Mitch Albom was conceived by parents who should have known better. He was born. He’s 52, two years over the age to get AARP benefits. The public thinks he’s a pathetic windbag. This would be a tragic story if it were an isolated story.
It’s more tragic because it’s not.
Albom was not the first unfortunate spawn born during the heady post-Atomic era. He wasn’t the first born in New Jersey, nor was he the first in Passaic. Just 7 years earlier, Joe Piscopo was born there too. His parents probably did the same thing. Alcohol, according the the town folk, were likely involved in that conception too.
Mitch’s stories get more attention than they deserve because he’s an untalented, amoral hack who generates a lot of consternation, and thus a lot of ad revenue for the Detroit Free Press and ESPN, a figure most noted for its framing by two elephantine ears and hair that’s looked like a bad wig since he was in the 6th grade. Since his career began, the populace has been robbed by opportunity costs and left to wonder what it could have done with all those precious minutes lost reading his tripe. Mitch Albom is widely regarded as a monster or a ghoul.
Many wonder how it is that Albom was never given up for adoption. Most think it preposterous that he earns his living writing opinion pieces for a major media outlet rather than leaping from burning stage pieces into tiny, shallow pools.
Everyone wants to know how a 52 year old man is allowed to contribute to the deterioration of the nation’s overall allocation of funds or why nobody will stop him from hurting America in general. Imagine how many auto workers could feed their families on his salary.
In fact, when we ask members of the media about Albom’s employment, we’re often told that we’re being naive, and that his lack of any or all actual literary talent doesn’t matter so long as he generates advertising revenue for a dying paper.
Perhaps. And that’s the entire problem.
We’re not naive about it at all.
If anything, the trade in of talent and integrity for ad revenue is the real story here. Since Albom’s journalism and writing career began, he’s been published in dozens of advertising outlets. Read that again. Dozens. And I call them advertising outlets because, when it comes to what they really want to serve the public, that’s what they are.
Which begs the question, especially given the public’s options these days: Why is Albom still able to keep a job? Since when is one poorly explored concept spread across 700 words a good idea for reading material?
How much more evidence do we need to understand that Mitch Albom needs to be put out to pasture? There is an awful history of trite, banal writing with a heavy glaze of saccharine schlock atop it within his body of work. Sometimes, he’s busy writing things that many people leave unsaid because most people have too much class to say it, fully understanding that one small anecdote could be forced into a bigger picture if they wanted to serve their own interests of advertising revenue generation at the expense of a grieving family. Sometimes, he’s writing Tuesdays with Morrie. Worse still, sometimes he’s writing The Five People You Meet in Heaven.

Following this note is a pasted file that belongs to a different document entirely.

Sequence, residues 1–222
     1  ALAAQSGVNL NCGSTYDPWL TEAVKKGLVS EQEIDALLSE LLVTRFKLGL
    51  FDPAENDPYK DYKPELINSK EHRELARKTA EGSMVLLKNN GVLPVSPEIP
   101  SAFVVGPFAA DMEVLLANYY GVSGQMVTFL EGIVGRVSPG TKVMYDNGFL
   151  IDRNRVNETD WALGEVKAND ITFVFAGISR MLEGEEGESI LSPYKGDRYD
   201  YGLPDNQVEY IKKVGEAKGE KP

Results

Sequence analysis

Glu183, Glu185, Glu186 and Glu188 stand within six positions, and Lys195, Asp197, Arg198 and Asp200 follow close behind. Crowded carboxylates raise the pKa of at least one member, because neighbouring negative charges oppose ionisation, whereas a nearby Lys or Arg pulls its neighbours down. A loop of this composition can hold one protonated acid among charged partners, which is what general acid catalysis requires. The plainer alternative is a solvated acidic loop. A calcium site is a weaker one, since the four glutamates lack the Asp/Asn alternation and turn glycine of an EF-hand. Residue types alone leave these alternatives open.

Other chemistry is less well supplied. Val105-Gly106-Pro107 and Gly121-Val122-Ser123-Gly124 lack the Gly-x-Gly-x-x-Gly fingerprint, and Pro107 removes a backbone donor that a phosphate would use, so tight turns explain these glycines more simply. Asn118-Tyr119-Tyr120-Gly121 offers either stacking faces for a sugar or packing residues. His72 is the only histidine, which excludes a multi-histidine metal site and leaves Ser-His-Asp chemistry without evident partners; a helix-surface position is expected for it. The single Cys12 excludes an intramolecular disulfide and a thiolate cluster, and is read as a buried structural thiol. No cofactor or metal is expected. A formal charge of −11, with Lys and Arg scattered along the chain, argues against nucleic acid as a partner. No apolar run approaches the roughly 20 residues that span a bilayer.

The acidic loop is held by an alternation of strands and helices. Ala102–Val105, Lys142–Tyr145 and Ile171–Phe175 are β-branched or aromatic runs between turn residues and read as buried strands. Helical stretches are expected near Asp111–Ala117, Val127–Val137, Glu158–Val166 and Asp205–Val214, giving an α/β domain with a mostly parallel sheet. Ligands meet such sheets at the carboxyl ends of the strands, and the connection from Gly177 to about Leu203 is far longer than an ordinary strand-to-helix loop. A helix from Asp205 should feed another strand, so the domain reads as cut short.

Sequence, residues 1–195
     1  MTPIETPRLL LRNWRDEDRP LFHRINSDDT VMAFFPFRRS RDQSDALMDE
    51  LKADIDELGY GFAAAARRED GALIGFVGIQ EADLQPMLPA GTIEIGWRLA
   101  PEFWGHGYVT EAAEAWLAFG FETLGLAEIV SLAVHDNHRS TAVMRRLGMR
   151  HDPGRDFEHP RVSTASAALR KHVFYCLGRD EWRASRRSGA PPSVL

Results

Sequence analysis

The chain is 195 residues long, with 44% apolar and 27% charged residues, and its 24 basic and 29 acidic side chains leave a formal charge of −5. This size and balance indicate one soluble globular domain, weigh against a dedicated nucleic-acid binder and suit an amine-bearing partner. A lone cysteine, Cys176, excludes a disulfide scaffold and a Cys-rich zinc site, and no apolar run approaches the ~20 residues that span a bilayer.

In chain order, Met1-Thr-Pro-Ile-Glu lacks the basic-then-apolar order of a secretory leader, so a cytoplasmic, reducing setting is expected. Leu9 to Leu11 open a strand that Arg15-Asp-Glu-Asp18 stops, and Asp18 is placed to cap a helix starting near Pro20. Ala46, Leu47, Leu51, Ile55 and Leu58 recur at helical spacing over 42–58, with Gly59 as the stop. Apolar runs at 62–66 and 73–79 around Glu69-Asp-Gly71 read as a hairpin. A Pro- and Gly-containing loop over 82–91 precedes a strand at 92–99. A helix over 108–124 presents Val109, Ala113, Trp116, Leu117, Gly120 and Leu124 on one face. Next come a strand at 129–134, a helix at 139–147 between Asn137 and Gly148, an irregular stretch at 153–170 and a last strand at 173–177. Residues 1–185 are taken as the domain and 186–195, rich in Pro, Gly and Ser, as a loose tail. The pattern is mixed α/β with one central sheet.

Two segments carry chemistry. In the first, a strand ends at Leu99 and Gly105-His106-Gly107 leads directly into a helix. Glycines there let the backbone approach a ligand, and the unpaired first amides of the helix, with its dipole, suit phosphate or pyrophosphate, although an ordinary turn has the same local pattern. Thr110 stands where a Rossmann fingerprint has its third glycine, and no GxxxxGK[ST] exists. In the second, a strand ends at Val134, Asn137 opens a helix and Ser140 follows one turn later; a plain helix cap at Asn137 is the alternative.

And sometimes, he’s the guest on Oprah between the episode featuring Jenny McCarthy’s “cure” for autism and the episode where Oprah gets a bunch of women to act like yippy little lap dogs by offering up free slippers.
In any and all cases, Mitch’s work is work without any contribution made to his fellow man. I don’t care how many times he might earnestly deliver a line during a Sports Reporters monologue. I don’t care how many papers syndicate his columns. And I really don’t care what his readership say. Come on. Most of us were blessed with a brain. Between the pressure to generate ad revenue, the ease of keeping Albom on staff rather than hiring some actual talent, and the likelihood that Albom will think of any contrary notions as “a good angle,” Albom’s “work” will always be a waste of resources that harms this planet.
How do you mitigate that?
You don’t read his stuff.
Now of course, our prayers go out to the major media players. Watching this country’s free press try to kill itself with poor attempts at evolution and the continued employment of high-dollar, low-talent people like Albom is heartbreaking.
But dying in a war is one thing. Dying because you refuse to adapt to the major technological advances of the century is another. There is no kind way to say this. But you cannot, in good conscience, paint the newspaper industry as a tragic hero. At best, it is a victim of folly, thinking that if they just ignore new media and the influx of talent, it’ll all go away.
At worst, and more likely, the newspaper industry is an example of brazen hubris that major, institutionalized corporations exude, inevitably with deadly results. What, one imagines, could possibly have made these institutions think that the romance of the presses and their over-inflated staffing numbers in the newsroom would be enough to save them?
Probably something that would make you say, “Eh. That’s the way the institutions work.” And that’s the point. If you are involved in one of these institutions, then you’re part of the problem, and you need to fix it. Then, hopefully, Mitch Albom will become unemployed.
Note: After this exercise, I found Albom’s style of writing so horrendous that I found the results of the exercise difficult to review. Apologies for typos or anything that doesn’t make sense.